Special telescopes that can detect ultraviolet and inferred radiation can be used to penetrate the gas and dust to see the stars forming inside the nebula. The image below shows most of the stars that are normally hidden by the gas and dust clouds.

Stars forming in M42

Gravity draws the atoms of the gas together and as the gas becomes denser it pulls in even more until huge spheres of gas are formed. As the pressure in the core of a sphere increases the temperature rises to tens of millions of degrees and the Hydrogen atoms begin to fuse together to form atoms of Helium. In this process known as Nuclear Fusion a small amount of mass is lost and converted into energy in the form of a powerful flash of X-Rays. This heats the mass of gas of the sphere and it begins to shine as a bright new star.

Much of the gas and dust in the nebula shines by reflecting light from the very young stars of the Trapezium in the centre of the nebula. Some gas also produces its own light because the ultraviolet radiation energy from the powerful young stars excites the gas atoms . This caus es them to glow somewhat like a fluorescent light or the Aurora (Northern Lights) .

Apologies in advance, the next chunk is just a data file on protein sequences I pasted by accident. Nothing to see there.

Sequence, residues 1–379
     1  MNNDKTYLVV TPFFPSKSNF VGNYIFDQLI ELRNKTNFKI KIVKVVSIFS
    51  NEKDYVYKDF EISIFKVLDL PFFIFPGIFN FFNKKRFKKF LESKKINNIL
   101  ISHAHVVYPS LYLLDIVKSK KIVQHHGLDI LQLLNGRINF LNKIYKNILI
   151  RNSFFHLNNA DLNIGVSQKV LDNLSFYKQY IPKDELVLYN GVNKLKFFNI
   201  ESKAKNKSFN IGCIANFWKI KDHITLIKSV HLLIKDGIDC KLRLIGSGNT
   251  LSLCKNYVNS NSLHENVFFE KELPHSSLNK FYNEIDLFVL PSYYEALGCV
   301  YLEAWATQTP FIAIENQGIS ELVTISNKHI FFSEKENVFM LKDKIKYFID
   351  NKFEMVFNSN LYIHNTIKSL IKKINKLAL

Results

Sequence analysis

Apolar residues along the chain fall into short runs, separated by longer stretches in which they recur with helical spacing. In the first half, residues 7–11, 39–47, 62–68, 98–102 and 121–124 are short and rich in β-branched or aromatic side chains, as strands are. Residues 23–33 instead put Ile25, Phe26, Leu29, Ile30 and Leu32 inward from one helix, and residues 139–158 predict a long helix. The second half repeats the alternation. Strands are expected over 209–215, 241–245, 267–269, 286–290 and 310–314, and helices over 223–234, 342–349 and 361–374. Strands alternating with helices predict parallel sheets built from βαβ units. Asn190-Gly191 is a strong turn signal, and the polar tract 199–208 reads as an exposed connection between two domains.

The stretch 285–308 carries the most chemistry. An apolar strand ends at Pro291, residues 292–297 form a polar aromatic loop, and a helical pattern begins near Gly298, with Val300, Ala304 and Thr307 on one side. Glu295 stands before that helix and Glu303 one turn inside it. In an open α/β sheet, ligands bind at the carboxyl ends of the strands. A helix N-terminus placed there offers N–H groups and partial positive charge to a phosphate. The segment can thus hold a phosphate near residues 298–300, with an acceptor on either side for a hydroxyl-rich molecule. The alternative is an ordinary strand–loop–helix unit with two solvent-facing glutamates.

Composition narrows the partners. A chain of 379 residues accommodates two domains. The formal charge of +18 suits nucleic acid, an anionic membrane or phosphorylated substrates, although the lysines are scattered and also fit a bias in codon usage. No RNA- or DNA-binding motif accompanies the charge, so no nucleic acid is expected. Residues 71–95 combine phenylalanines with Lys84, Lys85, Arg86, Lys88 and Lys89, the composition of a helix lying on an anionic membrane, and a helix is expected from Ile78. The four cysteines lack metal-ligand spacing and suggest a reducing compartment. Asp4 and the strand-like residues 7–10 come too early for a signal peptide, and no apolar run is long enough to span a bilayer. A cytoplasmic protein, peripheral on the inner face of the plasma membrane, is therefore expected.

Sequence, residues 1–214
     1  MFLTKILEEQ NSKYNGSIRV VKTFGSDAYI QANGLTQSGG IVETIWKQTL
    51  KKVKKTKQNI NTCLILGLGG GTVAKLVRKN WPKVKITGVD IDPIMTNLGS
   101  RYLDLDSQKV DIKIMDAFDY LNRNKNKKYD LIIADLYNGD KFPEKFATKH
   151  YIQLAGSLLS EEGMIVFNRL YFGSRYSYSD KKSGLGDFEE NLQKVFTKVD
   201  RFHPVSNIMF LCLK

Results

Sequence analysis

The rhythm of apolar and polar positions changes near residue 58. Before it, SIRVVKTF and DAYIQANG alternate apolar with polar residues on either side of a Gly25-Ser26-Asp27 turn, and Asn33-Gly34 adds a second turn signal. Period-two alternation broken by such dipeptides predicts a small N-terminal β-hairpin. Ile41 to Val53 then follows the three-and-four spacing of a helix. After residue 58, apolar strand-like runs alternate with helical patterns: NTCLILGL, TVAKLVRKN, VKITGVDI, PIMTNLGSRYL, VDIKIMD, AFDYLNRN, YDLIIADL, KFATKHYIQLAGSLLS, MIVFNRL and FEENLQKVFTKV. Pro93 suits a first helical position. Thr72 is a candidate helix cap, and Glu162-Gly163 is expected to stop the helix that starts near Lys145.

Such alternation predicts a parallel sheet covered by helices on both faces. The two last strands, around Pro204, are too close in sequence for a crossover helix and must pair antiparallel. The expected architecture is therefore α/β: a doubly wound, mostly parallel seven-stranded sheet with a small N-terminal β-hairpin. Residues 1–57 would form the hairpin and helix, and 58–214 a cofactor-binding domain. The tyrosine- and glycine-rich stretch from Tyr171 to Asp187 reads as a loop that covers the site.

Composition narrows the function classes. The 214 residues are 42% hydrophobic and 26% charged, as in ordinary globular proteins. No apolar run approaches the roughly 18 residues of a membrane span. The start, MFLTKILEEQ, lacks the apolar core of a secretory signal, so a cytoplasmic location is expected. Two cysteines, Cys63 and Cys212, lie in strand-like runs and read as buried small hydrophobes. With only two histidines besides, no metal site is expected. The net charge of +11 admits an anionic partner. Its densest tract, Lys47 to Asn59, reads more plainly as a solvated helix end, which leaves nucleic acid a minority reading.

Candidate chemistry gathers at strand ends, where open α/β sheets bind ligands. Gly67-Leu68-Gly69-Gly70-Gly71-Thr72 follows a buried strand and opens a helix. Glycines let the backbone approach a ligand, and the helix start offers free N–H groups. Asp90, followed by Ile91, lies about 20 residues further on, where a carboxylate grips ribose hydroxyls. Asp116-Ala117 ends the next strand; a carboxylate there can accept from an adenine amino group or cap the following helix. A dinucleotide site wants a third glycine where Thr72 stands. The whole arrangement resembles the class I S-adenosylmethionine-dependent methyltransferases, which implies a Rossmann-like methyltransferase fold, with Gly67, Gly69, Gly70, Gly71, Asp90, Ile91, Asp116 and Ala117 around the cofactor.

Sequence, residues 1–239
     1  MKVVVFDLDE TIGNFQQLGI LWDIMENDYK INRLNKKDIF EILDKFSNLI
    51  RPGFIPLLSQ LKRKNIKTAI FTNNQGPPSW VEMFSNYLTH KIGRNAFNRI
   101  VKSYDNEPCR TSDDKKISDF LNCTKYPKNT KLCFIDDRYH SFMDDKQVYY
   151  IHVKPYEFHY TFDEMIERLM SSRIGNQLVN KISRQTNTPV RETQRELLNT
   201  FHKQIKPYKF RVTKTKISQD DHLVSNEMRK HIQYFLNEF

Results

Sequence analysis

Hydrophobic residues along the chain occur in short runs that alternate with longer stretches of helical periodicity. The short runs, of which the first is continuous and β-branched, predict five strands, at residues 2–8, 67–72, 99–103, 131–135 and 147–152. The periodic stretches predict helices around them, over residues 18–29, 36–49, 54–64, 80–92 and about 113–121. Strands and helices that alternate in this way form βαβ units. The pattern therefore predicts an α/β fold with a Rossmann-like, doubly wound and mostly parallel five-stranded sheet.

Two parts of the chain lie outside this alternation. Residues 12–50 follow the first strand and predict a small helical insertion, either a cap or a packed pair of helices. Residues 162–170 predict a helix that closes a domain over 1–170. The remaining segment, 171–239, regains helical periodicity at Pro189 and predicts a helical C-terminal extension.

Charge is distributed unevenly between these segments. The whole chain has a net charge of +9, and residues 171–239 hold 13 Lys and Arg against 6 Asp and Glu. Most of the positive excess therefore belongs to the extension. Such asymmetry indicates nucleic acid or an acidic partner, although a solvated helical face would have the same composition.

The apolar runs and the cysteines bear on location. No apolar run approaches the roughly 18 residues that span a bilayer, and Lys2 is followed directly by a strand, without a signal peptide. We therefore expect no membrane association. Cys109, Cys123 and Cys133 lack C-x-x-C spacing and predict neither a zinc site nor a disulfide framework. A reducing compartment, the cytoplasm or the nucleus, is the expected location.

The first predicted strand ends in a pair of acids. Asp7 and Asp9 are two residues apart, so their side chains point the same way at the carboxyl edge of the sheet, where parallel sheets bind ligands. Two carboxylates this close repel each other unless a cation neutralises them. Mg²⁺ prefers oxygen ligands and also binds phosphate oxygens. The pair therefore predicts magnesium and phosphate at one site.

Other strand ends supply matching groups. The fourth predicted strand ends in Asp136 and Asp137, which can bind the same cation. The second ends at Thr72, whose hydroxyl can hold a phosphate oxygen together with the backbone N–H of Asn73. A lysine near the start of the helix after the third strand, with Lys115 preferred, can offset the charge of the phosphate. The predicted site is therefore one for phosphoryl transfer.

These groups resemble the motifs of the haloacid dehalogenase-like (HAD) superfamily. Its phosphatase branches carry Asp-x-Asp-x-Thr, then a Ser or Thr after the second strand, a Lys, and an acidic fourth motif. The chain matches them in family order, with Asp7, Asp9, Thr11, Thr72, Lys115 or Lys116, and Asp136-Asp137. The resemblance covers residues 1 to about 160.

When a photon of ultraviolet light from the powerful young stars hits a gas atom it causes an electron to jump from its normal orbit to a higher orbit. After a very short time the electron jumps back to its original orbit and emits a flash of light. The colour of this light is unique to the type of atom that has emitted it. For example Hydrogen always emits red light.

The Orion Nebula can be seen with the naked eye from a dark location on a clear moonless night. It is easily seen using a pair of binoculars. The image below shows the sort of view seen using a pair of 8 x 50 binoculars.

Binocular view of M42 with Orion's belt at the top

A small telescope will show a larger view and some detail in M42. Structure in the nebula can be seen with parts of the nebula illuminated and other parts appearing dark.

The sort of view seen using a small telescope

A larger telescope will show more detail in the structure with the nebula made up of wisps of gas appearing. Photographic images show much more detail including colour in the clouds of gas and dust. The red in the image below is typical of the emissions from excited Hydrogen gas in the nebula.

A photographic image of M42




The constellations of Orion, Canis Major and Canis Minor

Orion is one of the easiest constellations to recognise and dominates the southern sky at this time of the year. There are many depictions of Orion shown on many different star charts. Orion the Hunter appears in the winter sky, with his club held over his head and his shield (sometimes shown as a lion's skin) held out in front of him. His hunting dogs, Canis Major (the star Sirius) and Canis Minor (the star Procyon) following behind him. See the chart above.